Parfomchuk's argument is based on In re Marriage of Jensen-Branch. There the court placed sole decision-making authority in the mother. It permitted the father to take the children to his church when they were with him, but expressly prohibited him from providing "any religious education or indoctrination." This court found the prohibition restricted the father's free exercise rights. We held the trial court "could restrict [father] from teaching his children his faith only upon a substantial showing of potential or actual harm to the children[.]" Had the court not placed the teaching restriction on the father, however, its decision to place sole decision-making authority in the mother would have been reviewed under the abuse of discretion standard even if the court considered the parents' religious affiliations in making its decision.

The critical feature of Jensen-Branch -- an express prohibition placed on the father from teaching his faith to his children -- is absent in Parfomchuk's case. This distinction militates against finding a free exercise restriction and thereby applying the Jensen-Branch "substantial showing" test here. But also absent here is a finding permitting Parfomchuk to take Stephanie to his church when she is with him. If the trial court intended not only to place sole decision-making in the mother, but also to prevent Parfomchuk from taking Stephanie to his church, Parfomchuk's free exercise claim would be strong. Considering all of the circumstances, however, we conclude the court did not intend to prohibit Parfomchuk from taking Stephanie to his church when she is with him.

In its written provisions, the court authorized each parent to "make decisions regarding the day-to-day care and control of each child while the child is residing with that parent." In its oral ruling, the court explained, "If the child is with [Parfomchuk] for his time, he can take the child to his church or place of assembly. I have no trouble with that at all. When the child is with [Williamson], she makes the decision as to how to worship." Although the court should have included this oral permission in its written findings, we may resort to the oral ruling so long as it is not inconsistent with its written decision. The court's oral ruling is consistent with that portion of the parenting plan which places day-to-day control with the residing parent. Therefore, we may consider the court's oral ruling and conclude the court clearly intended to reserve to Parfomchuk the right to take Stephanie to his church when she is with him.

Because of this permission, and the absence of any other restrictions on his free exercise rights, we reject Parfomchuk's constitutional claim. As Jensen-Branch does not apply, the court's decision to place decision-making authority in Williamson need not be supported by the "constitutional" showing of potential or actual harm to the children.

Parenting plan: Decision-making authority

Because the court did not unfairly restrict Parfomchuk's right to freely exercise his religion, we review the court's placement of decision-making authority under the abuse of discretion standard. An abuse of discretion occurs only when a trial court's decision is manifestly unreasonable or based on untenable grounds or reasons. The court's finding that the parents have demonstrated an inability to cooperate is based on substantial evidence.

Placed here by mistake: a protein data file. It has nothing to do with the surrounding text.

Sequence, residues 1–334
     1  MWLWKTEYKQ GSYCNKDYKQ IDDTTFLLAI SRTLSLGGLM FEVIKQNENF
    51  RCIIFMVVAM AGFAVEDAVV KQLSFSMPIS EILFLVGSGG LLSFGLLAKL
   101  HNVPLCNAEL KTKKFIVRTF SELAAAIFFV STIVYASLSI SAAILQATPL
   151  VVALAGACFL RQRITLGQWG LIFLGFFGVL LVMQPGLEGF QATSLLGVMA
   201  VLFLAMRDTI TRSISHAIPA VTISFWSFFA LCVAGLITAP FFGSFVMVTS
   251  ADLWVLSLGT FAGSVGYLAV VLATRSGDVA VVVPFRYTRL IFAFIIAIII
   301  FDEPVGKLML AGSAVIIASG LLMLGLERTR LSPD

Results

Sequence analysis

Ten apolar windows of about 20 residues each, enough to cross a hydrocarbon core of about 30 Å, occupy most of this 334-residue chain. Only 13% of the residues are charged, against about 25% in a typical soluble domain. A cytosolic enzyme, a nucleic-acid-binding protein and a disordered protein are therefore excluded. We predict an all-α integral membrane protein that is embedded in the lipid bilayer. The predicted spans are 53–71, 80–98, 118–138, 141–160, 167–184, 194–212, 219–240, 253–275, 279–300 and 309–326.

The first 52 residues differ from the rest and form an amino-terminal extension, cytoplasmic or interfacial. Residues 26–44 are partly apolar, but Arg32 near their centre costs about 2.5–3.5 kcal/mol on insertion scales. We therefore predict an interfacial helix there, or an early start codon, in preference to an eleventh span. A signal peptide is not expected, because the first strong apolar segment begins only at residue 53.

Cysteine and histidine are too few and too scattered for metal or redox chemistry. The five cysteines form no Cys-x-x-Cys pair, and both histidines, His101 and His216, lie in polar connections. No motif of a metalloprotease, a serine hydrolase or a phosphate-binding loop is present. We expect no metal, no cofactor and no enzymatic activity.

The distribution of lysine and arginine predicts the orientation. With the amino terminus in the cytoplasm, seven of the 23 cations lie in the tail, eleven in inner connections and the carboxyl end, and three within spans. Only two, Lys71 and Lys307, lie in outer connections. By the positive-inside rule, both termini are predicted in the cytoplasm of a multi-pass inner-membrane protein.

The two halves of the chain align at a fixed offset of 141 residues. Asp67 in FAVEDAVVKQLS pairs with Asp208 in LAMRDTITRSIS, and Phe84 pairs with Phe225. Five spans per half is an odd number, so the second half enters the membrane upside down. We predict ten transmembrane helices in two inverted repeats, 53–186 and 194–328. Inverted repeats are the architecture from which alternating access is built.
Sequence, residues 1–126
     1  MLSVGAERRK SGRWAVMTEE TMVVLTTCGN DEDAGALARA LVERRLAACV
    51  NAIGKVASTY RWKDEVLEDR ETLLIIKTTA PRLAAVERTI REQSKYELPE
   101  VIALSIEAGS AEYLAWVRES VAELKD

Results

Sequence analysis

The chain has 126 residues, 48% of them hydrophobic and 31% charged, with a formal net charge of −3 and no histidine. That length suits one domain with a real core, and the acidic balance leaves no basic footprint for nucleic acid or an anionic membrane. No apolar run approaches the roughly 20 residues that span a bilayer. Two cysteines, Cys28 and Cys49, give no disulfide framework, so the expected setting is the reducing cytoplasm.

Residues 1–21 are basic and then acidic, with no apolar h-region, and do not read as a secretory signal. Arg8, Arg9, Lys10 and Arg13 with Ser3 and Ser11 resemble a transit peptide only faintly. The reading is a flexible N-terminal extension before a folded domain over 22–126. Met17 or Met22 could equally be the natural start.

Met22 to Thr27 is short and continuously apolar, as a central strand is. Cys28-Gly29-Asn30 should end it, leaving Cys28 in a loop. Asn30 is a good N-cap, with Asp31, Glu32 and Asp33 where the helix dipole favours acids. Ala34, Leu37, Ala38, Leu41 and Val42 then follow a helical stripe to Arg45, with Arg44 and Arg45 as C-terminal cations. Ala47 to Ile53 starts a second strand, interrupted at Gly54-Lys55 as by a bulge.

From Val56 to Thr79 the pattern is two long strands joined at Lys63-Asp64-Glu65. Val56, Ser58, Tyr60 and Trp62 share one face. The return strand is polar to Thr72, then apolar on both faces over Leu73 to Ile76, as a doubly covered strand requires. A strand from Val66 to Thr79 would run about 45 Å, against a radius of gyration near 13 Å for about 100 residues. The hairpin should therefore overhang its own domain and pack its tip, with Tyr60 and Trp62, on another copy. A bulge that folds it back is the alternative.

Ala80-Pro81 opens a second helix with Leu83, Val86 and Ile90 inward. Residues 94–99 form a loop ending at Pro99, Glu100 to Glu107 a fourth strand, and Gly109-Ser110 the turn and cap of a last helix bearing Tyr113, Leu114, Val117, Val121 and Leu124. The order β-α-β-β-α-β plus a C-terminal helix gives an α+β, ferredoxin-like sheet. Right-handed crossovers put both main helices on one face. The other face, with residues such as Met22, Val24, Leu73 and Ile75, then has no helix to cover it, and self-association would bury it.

As a Jehovah's Witness, Parfomchuk explained, he does not recognize holidays like Christmas or birthdays. Williamson testified this aspect of Parfomchuk's religion caused problems involving Stephanie. For example, Parfomchuk forbade the family to celebrate Stephanie's fifth birthday and Christmas in 1995. In fact, Parfomchuk took Stephanie to Disneyland during Christmas week over Williamson's objection. As a result, Williamson had no contact with her daughter on Christmas in 1995. Parfomchuk admitted that Williamson, a non-practicing Baptist, did not like his religious observances and acknowledged a religious conflict existed between the parties.

In addition to religious differences, the couple demonstrated an inability to cooperate in educational matters. Williamson testified Parfomchuk failed to disclose important papers Stephanie's teachers had sent home with the child pertaining to her placement in first grade. Parfomchuk also failed to tell Williamson about placement meetings that were scheduled during a week when Stephanie was with him.

Williamson also testified to problems with the couple's exchange of Stephanie for visitation. She said that on four occasions, Parfomchuk called her on Friday night saying he was too busy to take the child for the weekend. In addition, Parfomchuk testified Williamson did not tell him Stephanie had been ill with a high fever and sent to school anyway. When Parfomchuk sent Stephanie to day care the following Monday, she again became ill and had to stay home from school the entire week. He also testified the parties disagreed as to whether Stephanie was grinding her teeth and how to deal with the problem. Finally, just before trial, Parfomchuk took Stephanie to see a counselor without Williamson's knowledge.

These examples support the trial court's finding the parties are unable to cooperate regarding issues affecting their daughter's welfare. Therefore, the court did not abuse its discretion by relying on this demonstrated inability to cooperate as a reason to reject mutual decision-making and to place sole decision-making authority in Williamson.

School-year residential placement

Parfomchuk contests the trial court's order placing Stephanie primarily with Williamson during the school year and granting visitation to Parfomchuk on alternating long weekends. He argues the court erred by changing the joint residential approach, based on alternating weeks of visitation, that the parties had voluntarily employed for about 10 months before the dissolution became final.